The use of waivers has traditionally been associated with marginal players, or players reaching the end of their major league career. Thus, expressions such as waiver wire fodder describe players who are not quite good enough to hold a job, even as a substitute in the major leagues, and can therefore be had for the price of a waiver claim (i.e. next to nothing). A veteran player who has gone through the waiver process is considered to be washed up, and any contribution he makes after that point is an unexpected bonus.
However, with the evolution of baseball's salary structure, the use of waivers has changed, and players are more often traded or released for financial reasons and not for reasons of production. Thus, some still-productive players, but with expensive contracts, have gone through the waiver process in recent years. Famous cases include Tony Batista, whom the Toronto Blue Jays tried to send to the minor leagues in June 2001, confident that his expensive multi-year contract would scare other teams away from claiming him. However, Batista was claimed by the Baltimore Orioles and spent a number of productive seasons with his new team. Another famous case involved Manny Ramirez, who was placed on waivers by the Boston Red Sox after the 2003 season. In this case, there was no question that Ramirez was still a great hitter, but he had a multi-year contract worth over 100 million dollars, and the Red Sox were looking for some financial flexibility. No team was willing to assume Ramirez' contract and he remained a member of the Red Sox.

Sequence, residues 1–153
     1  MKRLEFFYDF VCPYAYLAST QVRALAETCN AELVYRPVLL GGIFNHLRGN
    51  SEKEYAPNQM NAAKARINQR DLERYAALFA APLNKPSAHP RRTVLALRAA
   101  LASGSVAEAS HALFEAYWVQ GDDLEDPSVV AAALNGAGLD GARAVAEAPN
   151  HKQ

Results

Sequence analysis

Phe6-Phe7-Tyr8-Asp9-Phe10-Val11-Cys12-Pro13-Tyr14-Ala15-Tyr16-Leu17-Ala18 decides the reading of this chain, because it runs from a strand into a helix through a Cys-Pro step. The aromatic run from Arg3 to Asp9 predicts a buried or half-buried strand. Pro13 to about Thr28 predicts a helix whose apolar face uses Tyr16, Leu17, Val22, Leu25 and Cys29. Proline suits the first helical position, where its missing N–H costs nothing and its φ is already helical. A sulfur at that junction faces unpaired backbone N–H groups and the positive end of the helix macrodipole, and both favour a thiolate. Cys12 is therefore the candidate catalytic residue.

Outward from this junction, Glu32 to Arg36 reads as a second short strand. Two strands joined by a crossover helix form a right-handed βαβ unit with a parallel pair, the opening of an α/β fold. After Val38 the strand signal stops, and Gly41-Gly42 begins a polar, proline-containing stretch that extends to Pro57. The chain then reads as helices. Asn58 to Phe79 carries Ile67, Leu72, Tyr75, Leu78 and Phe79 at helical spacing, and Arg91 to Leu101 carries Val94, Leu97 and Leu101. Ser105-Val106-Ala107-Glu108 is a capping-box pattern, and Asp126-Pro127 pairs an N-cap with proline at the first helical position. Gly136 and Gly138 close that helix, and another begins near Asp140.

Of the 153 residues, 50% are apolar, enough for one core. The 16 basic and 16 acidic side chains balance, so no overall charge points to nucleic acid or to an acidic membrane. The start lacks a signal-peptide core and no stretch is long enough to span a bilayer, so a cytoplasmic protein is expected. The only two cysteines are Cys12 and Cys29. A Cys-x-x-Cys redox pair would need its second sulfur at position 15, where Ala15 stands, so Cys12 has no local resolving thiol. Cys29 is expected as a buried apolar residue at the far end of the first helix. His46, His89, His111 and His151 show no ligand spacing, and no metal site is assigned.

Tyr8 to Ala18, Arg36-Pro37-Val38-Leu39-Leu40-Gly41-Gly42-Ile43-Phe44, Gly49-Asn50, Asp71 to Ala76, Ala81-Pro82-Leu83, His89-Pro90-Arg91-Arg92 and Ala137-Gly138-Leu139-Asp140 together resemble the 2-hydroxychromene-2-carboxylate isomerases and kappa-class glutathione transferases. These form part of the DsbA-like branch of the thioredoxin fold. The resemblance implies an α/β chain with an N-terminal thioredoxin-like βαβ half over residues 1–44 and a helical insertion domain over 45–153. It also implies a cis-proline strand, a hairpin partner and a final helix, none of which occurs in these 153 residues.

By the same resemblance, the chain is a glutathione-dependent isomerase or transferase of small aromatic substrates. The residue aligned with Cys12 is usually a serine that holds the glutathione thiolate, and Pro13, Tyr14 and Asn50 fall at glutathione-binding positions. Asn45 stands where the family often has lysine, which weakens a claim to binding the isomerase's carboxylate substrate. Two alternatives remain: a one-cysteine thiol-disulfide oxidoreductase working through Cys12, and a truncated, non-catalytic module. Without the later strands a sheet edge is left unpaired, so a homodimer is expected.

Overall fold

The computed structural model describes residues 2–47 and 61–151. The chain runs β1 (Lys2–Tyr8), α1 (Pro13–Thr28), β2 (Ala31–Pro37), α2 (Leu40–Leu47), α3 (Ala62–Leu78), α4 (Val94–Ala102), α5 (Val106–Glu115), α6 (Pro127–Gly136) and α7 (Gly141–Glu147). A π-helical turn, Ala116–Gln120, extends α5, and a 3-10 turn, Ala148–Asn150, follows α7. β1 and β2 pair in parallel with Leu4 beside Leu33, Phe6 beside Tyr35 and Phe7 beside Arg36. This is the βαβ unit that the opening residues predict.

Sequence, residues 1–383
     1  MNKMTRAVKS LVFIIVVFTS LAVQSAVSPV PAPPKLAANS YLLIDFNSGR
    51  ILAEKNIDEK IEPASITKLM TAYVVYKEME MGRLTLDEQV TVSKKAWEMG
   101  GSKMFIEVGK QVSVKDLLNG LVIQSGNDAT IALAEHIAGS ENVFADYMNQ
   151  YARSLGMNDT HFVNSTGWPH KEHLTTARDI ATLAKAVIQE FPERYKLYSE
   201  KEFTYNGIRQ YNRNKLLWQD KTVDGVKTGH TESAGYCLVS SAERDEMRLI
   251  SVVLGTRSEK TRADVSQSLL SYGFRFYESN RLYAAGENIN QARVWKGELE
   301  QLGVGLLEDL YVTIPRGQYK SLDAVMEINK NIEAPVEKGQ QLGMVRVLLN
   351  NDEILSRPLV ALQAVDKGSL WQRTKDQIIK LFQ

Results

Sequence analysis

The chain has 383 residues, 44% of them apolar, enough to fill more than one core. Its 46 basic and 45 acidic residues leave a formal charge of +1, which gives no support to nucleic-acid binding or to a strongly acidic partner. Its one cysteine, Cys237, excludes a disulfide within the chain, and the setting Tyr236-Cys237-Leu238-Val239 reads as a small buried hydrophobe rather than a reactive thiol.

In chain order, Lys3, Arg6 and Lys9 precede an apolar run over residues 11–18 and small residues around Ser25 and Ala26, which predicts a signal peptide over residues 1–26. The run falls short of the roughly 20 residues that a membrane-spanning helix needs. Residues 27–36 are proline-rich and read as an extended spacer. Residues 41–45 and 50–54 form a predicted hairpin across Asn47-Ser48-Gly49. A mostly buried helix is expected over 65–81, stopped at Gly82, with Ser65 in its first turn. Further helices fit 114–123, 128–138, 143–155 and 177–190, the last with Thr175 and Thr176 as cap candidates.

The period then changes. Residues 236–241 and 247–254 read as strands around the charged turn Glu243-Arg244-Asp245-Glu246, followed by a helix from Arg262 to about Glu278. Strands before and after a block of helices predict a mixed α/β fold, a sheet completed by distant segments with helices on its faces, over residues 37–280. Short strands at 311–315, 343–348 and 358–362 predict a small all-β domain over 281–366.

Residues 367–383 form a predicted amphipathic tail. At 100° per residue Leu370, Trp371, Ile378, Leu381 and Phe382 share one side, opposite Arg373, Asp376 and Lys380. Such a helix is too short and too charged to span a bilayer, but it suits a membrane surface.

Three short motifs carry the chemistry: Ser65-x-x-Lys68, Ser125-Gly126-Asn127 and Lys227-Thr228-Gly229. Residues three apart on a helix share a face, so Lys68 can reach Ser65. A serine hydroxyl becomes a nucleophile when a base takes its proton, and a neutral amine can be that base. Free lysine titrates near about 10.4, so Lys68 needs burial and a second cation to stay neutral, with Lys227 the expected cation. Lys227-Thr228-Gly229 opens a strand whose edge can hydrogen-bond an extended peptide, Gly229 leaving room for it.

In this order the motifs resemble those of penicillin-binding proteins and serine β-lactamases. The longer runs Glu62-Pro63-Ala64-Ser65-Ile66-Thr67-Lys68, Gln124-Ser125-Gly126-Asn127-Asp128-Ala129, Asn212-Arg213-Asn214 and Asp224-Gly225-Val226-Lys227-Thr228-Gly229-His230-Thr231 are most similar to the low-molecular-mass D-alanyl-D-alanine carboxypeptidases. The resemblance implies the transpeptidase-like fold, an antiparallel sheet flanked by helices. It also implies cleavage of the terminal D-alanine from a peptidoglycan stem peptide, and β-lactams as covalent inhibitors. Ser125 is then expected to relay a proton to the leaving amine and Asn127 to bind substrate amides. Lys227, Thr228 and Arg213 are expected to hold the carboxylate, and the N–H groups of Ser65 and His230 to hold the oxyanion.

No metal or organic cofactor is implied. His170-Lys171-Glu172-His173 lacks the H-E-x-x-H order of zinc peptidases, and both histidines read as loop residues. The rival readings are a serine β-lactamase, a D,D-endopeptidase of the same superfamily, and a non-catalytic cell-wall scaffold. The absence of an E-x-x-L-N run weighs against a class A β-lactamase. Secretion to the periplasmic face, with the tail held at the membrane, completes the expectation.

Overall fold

There have also been famous instances when a team has claimed a player off waivers to prevent him from being traded to a competitor and later regretted that decision. Most famous is Randy Myers, whom the Blue Jays wanted to trade after the deadline in 1998. The San Diego Padres claimed him to prevent the once-great closer from ending with a competitor, and worked out a deal with the Blue Jays, sending minor league catcher Brian Loyd to them for Myers. Myers had a 6.28 ERA for the Padres over the remainder of the year, was awful in the postseason, and never pitched again in the majors, while the Padres were saddled with his hefty contract for a number of years while receiving no value in return. Caveat emptor.
Not Enough Arms
In recent years teams have found themselves momentarily short of starting pitching. Where in the past a reliever would be used as the extra starter for a doubleheader or the manager (e.g., Mayo Smith in 1968) pitched his starters on short rest, now a minor league pitcher is summoned to make a start and is sent back down after the game. The summoned starter must be placed on the 25-man and 40-man roster to be eligible to pitch. These roster spots often are being opened through one of the irrevocable waivers. Disabled lists are not useful because of the mandatory minimum stays they require. Specifically, clearing a spot on the 40-man roster requires putting a player on the 60-day DL.